Treating the Pose Not the Person?

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Traditional Western medicine treats the disease not the person.

Traditional shiatsu prescribes a fixed set of rules and procedures for each problem.

Traditional yoga mandates specific defined poses to put people in.

Who made these rules? As my wife Tara Stiles has mentioned, they’re extremely limiting.

Our traditional medicine is great for infections and broken bones. It’s not working for most things that are bringing people pain and suffering today, like stress, obesity, and the worst of our associated diseases.

Traditional shiatsu may work sometimes, but often that’s by accident.

Traditional yoga – fixing people into “correct” poses – is missing the boat. It’s leading people to follow gurus – outside sources of information – rather than themselves.

Why isn’t this working?

My friend Sam Berlind is by all accounts a master of shiatsu, and blew our socks off at Strala this past weekend. He’s also worked with Traditional Chinese Medicine, Tai Chi, Qi Gong, and yoga, all as paths to healing. His work in shiatsu began with 25 years under Wataru Ohashi’s direction, from whom I learned as well.

Ohashi’s approach to shiatsu broke the rules. He saw that treating people as patients using fixed prescriptions worked sometimes, but he suspected that was very often an accident. The rules-based, master-patient approach lacked fluidity and responsiveness to what existed right there with each unique person, in each unique life.

So he developed his own approach. As Sam describes it, this new approach to shiatsu throws aside the idea of a master attempting to fix a patient. There is no fixing. Instead, there are two people supporting each other, right in that moment. The giver forms a connection with the receiver. We aim to gently push, pull, challenge, and get out of the way so our bodies can heal themselves more effectively.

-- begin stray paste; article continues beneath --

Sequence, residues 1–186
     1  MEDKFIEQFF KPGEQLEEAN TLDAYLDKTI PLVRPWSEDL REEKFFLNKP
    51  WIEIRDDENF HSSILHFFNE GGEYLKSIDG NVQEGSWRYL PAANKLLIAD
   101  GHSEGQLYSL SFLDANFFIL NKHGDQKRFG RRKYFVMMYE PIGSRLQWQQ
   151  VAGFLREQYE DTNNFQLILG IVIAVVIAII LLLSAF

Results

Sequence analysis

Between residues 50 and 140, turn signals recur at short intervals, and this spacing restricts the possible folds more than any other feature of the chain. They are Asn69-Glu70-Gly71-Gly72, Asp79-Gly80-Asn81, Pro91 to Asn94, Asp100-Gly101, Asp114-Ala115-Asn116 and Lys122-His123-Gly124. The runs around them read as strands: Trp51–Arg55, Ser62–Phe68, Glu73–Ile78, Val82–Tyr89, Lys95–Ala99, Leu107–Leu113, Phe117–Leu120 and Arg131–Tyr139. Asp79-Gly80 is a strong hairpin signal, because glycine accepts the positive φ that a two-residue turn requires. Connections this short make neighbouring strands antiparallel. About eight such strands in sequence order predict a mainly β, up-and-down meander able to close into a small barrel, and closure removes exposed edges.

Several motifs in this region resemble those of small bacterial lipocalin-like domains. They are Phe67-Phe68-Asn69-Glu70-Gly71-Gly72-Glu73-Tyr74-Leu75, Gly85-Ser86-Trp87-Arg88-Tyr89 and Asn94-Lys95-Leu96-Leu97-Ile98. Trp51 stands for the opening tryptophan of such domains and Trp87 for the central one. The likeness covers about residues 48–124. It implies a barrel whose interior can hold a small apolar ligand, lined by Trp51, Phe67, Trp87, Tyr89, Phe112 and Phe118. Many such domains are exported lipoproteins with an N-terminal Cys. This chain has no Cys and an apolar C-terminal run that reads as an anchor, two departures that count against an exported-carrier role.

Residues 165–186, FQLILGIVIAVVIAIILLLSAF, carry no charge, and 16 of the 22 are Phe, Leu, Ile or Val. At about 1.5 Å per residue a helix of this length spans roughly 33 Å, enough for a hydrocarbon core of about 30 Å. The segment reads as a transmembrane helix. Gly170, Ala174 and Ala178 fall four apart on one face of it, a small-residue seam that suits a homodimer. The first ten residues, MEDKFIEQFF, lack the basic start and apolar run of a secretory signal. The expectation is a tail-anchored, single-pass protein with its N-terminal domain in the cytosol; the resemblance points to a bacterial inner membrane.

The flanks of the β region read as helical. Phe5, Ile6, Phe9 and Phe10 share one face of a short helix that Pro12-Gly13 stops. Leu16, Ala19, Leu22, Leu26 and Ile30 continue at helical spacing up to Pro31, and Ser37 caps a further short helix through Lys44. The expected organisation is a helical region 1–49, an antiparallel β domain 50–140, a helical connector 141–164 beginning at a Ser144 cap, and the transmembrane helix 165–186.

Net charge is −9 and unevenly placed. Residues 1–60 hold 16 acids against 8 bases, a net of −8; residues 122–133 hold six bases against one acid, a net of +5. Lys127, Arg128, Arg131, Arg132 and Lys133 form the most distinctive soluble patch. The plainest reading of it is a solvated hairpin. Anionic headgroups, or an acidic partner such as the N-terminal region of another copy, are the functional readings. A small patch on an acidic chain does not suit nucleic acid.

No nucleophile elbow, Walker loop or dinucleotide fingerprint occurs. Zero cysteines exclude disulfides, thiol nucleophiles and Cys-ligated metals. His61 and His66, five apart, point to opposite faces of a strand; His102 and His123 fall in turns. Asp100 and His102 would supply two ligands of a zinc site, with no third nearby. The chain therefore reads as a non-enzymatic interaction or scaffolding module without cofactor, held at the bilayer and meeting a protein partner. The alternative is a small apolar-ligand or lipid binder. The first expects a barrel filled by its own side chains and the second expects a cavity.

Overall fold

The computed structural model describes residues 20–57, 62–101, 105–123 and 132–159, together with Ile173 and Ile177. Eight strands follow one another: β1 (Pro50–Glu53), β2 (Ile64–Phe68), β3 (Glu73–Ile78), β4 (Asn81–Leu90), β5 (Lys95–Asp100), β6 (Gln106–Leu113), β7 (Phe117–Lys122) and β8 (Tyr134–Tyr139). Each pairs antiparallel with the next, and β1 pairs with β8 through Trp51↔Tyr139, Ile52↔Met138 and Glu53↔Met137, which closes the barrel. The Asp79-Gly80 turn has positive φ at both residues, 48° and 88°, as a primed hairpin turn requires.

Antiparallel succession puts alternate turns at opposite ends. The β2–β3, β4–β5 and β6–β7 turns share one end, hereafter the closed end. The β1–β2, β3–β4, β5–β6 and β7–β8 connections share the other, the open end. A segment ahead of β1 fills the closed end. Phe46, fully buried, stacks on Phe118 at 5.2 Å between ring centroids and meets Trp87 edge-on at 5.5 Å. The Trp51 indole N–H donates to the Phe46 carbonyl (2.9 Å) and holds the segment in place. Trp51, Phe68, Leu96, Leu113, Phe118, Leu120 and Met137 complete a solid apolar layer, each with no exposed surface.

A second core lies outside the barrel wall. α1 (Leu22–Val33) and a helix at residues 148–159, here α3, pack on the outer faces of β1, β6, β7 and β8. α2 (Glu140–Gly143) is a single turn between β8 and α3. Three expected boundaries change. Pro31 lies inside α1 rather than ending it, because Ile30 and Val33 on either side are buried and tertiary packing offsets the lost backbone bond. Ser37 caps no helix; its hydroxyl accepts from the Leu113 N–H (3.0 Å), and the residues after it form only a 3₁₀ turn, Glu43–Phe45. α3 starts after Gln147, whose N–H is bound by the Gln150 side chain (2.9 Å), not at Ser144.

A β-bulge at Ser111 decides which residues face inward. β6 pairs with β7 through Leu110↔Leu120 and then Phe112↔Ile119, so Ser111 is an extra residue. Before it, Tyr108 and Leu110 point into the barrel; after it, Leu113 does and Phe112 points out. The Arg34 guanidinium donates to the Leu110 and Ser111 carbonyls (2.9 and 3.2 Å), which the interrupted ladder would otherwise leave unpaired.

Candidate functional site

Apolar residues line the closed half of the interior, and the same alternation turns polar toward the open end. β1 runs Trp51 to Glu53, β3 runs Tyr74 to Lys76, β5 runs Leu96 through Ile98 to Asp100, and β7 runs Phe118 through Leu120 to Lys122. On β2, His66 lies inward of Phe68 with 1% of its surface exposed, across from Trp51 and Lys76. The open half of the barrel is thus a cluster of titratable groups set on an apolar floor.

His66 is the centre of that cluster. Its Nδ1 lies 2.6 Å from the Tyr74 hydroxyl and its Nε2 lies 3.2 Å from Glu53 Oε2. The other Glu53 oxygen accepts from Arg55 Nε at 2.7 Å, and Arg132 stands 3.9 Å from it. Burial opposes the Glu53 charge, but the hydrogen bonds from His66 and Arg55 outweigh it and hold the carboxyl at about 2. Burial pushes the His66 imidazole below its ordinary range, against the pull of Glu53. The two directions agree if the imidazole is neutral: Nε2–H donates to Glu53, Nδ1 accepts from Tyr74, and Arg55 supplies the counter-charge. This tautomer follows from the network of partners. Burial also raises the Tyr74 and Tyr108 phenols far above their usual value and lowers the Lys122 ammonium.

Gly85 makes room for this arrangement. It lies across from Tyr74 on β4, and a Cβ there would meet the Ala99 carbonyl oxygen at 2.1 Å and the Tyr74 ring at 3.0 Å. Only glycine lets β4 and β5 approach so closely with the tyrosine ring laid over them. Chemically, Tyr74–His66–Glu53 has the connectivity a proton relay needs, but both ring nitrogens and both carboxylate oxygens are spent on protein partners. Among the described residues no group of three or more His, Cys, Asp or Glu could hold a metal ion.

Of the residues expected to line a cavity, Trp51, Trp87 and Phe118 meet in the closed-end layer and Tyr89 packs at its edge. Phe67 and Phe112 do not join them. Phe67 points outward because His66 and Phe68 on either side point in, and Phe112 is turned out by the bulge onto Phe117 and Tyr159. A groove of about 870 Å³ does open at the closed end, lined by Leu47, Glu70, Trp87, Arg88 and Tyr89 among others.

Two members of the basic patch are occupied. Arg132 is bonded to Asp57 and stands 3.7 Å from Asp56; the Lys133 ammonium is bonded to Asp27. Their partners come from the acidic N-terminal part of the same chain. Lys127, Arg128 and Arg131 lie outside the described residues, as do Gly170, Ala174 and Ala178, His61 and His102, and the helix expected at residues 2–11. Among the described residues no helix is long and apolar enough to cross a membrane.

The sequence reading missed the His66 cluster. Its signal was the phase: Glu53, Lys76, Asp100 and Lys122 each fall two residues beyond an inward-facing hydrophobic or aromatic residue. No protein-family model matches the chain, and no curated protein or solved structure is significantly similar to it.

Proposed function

Sam also said something else that hit us all pretty solidly. The shiatsu giver knows less than the receiver. The yoga teacher knows less than the student.

Could that be right? Of course. The student knows how they feel. The teacher can only guess.

For all of us, whether we’re doctors, shiatsu masters, or yoga teachers, that guess is diagnosis. Whether we admit it or not, it’s all guessing. Our treatment is a guess, too. Sometimes we get to be right.

This suggests a shift in how we approach each other.

I’ve always loved the song ‘Dueling Banjos.’ I’ve never loved so much dueling yoga teachers. Who can prove who’s lineage and guru is right about how to fix people, how to get them into the right place?

There’s a problem with that. There is no right place! We’re all different from each other. We’re even different from ourselves day to day. What did we eat yesterday, did we go for a long run, sit a desk all week, what feels right in my body right now?

We’re not here to fix each other. There is a trend in yoga around adjustments – where a teacher approaches the student to change their form, and move them into some idea of a “correct” pose. This is crazy, and goes hand in hand with the trend of aggressive yoga teachers injuring their students.

There is no correct pose. There is just my body and my life right now, and I’m the only one who can directly feel me. The right form for me each day, each moment, has to do with responding to my entire life. The right place and movement for my body is all mine! If a teacher can help me, it’s in supporting me to feel me. I can stop pushing and struggling to get into someone else’s shape (which means no more injuries!), and find my way into my own.

We’re here to support each other. It’s the best thing we can do. Just like Ohashi and Sam, Tara broke the rules in creating Strala. She moved away from the common yoga teacher focus of “how can I prove what I know” to a more gentle and useful “how can I help?” Whether you’re talking about shiatsu or yoga, helping people is about making a connection. When we help and support each other to connect to ourselves, yoga works. It cures. We get healthy and happy, and lead our best most capable lives.